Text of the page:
What would it take to bankrupt the Proud Boys?
One of the oldest historically Black churches in America may soon find out.
Henry “Enrique” Tarrio, the Proud Boys’ leader, has so far refused to answer a lawsuit filed on January 4th by the Metropolitan AME Church accusing him and other members of committing acts of terror by destroying Black Lives Matter signs in Washington, D.C., in December.
And that leaves the downtown-D.C. church days away from a likely default victory, legal experts say—one that could hand the church, founded in 1872, the power to blow the lid off the notorious street-fighting gang’s murky financial empire, begin hunting down its assets, and stake a claim on what it finds.
Tarrio dismissed that possibility out of hand.
“The Proud Boys is not a legal entity, so I don’t know what money they’d go after,” he told VICE News. “If they try to go after mine, I’d be happy to drag my balls across their face in court.”
Such bravado may prove misplaced, legal experts said, if the church’s high-powered legal team secures the court’s blessing to start searching for assets.
A review of business records by VICE News suggests top Proud Boys leaders have links to a network of LLCs in Florida and elsewhere, crowdfunding operations, and at least one online store selling Proud Boys–branded merch. These companies have hawked protein powder, gun-themed T-shirts, and even hoodies on behalf of former President Trump’s longtime confidant Roger Stone. Others, like the suggestively-named Daiquiri Brothers LLC based in Hawaii, only hint at a purpose.
Staking a claim on assets that aren’t transparently controlled by defendants named in the lawsuit would be a complex legal affair even if the church wins, legal experts said. And it would likely require further courtroom wrangling, as well as a decision by the church to move forward with claiming any damages awarded by the judge.
But if the church does go there, it could also unravel the inner workings of the high-profile far-right gang, reveal how the group funds its operations—and, potentially, force the Proud Boys to hand over assets, or even members’ personal property, to the church.
“Once they get a judgement, they can enforce it with subpoenas and court-ordered depositions,” said Gene Rossi, a former federal prosecutor for the Eastern District of Virginia. “If that happens, the leader of the Proud Boys could run, but he can’t hide.”
“Targeting Black houses of worship”
A month before the Capitol riot of January 6, the Proud Boys took to D.C. in droves as part of the so-called Million MAGA March, on Dec. 12. Police say four churches were vandalized that day, and that four people were stabbed and 33 arrested in clashes between pro-Trump groups and counterprotesters in downtown Washington.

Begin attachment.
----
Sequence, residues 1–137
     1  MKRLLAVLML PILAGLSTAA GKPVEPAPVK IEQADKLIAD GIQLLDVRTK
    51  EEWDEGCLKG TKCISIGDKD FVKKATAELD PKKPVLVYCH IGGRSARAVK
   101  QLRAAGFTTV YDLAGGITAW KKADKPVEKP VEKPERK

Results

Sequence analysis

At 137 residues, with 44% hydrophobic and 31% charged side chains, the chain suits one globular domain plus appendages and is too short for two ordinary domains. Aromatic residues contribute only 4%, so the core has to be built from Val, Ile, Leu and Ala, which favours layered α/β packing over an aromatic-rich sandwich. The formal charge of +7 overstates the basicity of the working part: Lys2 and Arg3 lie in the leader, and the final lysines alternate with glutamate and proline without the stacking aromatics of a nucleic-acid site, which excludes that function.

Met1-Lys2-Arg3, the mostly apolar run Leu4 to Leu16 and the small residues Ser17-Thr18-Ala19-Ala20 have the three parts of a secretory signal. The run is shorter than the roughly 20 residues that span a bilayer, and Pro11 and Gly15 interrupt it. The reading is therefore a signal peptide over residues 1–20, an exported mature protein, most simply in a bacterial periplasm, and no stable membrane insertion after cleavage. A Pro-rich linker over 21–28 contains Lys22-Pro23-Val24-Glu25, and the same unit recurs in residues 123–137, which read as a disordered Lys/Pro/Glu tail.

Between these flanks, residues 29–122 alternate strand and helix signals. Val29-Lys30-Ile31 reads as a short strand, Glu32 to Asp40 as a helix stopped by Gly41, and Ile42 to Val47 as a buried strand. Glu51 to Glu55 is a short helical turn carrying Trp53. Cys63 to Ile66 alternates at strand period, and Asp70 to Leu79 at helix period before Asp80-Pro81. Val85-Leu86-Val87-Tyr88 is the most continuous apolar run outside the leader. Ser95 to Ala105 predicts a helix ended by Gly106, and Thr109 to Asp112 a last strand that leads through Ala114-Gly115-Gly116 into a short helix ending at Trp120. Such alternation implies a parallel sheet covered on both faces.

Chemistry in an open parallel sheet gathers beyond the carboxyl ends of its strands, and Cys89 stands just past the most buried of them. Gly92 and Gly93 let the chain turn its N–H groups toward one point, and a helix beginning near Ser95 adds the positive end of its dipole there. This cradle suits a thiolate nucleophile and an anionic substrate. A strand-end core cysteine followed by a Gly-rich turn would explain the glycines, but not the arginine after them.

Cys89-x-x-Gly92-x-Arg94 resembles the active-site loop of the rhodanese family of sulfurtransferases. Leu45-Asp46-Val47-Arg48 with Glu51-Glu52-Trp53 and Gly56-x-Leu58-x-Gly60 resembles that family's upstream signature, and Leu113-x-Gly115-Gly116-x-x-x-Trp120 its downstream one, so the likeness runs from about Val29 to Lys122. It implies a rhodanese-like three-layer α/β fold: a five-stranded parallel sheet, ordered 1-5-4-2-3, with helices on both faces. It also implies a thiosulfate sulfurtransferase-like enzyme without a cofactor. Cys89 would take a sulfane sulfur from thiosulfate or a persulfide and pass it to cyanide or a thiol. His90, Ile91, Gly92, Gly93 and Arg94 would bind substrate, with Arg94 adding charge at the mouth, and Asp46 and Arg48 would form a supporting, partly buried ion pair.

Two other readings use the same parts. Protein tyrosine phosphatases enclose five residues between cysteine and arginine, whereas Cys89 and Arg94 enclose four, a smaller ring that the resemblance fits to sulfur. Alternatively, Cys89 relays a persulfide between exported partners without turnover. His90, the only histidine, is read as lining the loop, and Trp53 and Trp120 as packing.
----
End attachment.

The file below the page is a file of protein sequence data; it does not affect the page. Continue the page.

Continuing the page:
A video from that weekend shows a group of Proud Boys chanting “Whose streets? Our streets!” and “Fuck antifa!” as they tear down a Black Lives Matter sign from outside the Metropolitan AME Church. Another video shows Proud Boys gathered around another Black Lives Matter sign stolen from a different church, pouring gasoline on it and setting it on fire.
Tarrio was later arrested and charged with one misdemeanor count of destruction of property over the burned banner and two felony counts for allegedly possessing large-capacity gun magazines. Tarrio pleaded not guilty to all charges.
“The conduct of the Proud Boys in Washington, D.C., on December 12, 2020, amounted to a new and dangerous chapter in the long and terrible history of white supremacist mob violence targeting Black houses of worship,” the Metropolitan AME’s lawsuit reads.
Tarrio is the only Proud Boy specifically named in the church’s civil complaint, which also targets eight unidentified members dubbed “John Does 1-8,” and a limited liability company called Proud Boys International LLC.
Tarrio called the lawsuit “frivolous and ridiculous” in an interview with The Washington Times in February, and said he hadn’t hired a lawyer.
“To be honest with you, I don’t care,” Tarrio told the paper. “They’re not going to get anything out of me. If they want to parade this win, that’s fine.”
Legal experts, however, said that collecting from Tarrio would be the relatively straightforward part, if he loses. Collecting from the others would be a lot tougher.
The unnamed Proud Boys would need to be identified—although media scrutiny of the group, as well as subsequent high-profile indictments connected to the January 6 insurrection at the Capitol nearly a month later, have already shed light on some top-ranking members.
Jason Lee Van Dyke, the lawyer who established Proud Boys International LLC, served as the group’s interregnum leader for just two days following Gavin McGinnes’ departure, which he announced Nov. 21, 2018. During his very short tenure, he inadvertently released the names of the eight Proud Boy “Elders,” which included Ethan Nordean, a Seattle-area Proud Boy currently facing serious conspiracy charges for his alleged actions on January 6. Nordean.